Monday, January 16, 2012
If you and your spouse have been legally separated for several years, living at separate residences, and the debt you would like to discharge was solely incurred by you, then you may be able to file on your own without your debtors coming after your spouse. If your spouse has a high income and cannot fit into the Chapter 7 income cap, this may really be your only realistic option. You can then list your spouse as a co-signer on any debts that were incurred by both of you, and the bankruptcy should afford your spouse some level of protection. Generally, you will not need to list your spouse's property or debts on your petition.
But if you are still living with your spouse, and only you file bankruptcy, there is a good chance the creditors will come after your spouse after you file bankruptcy.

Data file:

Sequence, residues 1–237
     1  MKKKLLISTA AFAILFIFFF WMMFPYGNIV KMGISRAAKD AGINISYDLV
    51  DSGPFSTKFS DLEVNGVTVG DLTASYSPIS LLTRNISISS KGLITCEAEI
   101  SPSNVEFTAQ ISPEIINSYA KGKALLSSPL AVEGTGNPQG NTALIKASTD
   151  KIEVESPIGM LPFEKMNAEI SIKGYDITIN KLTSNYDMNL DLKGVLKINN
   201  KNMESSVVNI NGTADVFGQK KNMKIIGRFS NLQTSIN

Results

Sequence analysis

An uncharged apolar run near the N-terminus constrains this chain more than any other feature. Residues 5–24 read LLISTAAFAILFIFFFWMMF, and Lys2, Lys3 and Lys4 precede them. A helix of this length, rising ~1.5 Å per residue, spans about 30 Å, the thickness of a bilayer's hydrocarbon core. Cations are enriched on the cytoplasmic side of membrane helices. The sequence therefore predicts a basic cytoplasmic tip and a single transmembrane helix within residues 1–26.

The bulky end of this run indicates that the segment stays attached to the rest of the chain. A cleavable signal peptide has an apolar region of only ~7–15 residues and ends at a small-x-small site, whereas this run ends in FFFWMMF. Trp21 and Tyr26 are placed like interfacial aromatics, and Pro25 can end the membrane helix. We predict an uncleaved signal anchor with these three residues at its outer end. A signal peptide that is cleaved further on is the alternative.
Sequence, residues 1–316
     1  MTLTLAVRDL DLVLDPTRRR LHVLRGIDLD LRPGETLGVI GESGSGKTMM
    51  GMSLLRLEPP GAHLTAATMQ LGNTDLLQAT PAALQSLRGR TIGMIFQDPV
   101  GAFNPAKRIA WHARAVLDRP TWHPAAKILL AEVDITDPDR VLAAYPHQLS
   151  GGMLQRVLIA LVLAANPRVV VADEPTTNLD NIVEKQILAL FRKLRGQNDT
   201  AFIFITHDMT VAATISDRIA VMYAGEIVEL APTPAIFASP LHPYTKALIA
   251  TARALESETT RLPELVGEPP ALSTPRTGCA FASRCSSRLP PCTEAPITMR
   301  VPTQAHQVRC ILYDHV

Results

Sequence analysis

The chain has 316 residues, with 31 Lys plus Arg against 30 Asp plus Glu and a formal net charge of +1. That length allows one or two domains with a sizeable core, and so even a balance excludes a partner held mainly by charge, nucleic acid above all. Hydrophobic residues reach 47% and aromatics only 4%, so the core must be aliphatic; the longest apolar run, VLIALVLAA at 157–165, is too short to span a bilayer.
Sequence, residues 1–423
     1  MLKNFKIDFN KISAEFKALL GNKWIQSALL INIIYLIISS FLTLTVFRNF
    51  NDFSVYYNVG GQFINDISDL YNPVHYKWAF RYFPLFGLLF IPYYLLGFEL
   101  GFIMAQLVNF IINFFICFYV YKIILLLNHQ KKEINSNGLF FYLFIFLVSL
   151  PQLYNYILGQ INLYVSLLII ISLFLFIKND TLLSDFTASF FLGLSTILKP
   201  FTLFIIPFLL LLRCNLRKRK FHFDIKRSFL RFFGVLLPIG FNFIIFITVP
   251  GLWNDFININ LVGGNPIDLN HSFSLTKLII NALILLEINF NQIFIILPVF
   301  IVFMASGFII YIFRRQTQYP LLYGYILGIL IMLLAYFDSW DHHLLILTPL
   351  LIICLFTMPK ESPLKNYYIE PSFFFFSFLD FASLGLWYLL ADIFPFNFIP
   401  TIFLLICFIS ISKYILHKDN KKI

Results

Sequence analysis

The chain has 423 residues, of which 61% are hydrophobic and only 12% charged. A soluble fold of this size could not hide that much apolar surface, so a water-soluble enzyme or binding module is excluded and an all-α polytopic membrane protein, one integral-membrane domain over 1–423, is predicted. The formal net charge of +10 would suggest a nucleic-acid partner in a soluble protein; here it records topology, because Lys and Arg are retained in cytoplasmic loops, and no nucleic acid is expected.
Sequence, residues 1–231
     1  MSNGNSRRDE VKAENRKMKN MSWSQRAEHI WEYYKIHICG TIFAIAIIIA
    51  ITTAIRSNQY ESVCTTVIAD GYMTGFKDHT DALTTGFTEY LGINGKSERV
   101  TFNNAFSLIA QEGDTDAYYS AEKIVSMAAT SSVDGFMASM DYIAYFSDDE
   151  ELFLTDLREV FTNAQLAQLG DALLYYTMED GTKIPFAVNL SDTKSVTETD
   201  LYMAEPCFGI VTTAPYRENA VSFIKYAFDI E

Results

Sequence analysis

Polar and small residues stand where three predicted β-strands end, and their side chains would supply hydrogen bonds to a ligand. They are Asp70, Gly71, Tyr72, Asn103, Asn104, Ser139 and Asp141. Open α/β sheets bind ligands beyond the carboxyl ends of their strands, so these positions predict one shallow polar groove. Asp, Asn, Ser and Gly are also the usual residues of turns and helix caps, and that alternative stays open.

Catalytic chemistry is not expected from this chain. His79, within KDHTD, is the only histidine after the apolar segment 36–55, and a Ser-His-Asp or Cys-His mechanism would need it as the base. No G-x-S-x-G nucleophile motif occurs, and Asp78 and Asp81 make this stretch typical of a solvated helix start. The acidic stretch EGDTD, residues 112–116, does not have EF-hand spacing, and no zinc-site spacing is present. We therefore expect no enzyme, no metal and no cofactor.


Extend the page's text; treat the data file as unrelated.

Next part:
Even if you are divorced, if you incurred the debt together, there is a good chance your creditors will come after your ex-spouse after you file bankruptcy.
Be sure to go over this thoroughly with a bankruptcy attorney, because the ramifications of filing incorrectly can be disastrous.
The Alexander Bankruptcy Law Firm provides low low cost Chapter 7 and 13 personal bankruptcies. $995 Chapter 7 or $2500 Chapter 13 bankruptcies plus court filing fee. Free consultation with a compassionate attorney who will handle your case personally. Call 24/7, available to meet with you around your schedule. 602-910-6812. Conveniently located in Central Phoenix along the Camelback corridor. AlexanderBankruptcyLawFirm.com
Posted by Rachel Alexander at Monday, January 16, 2012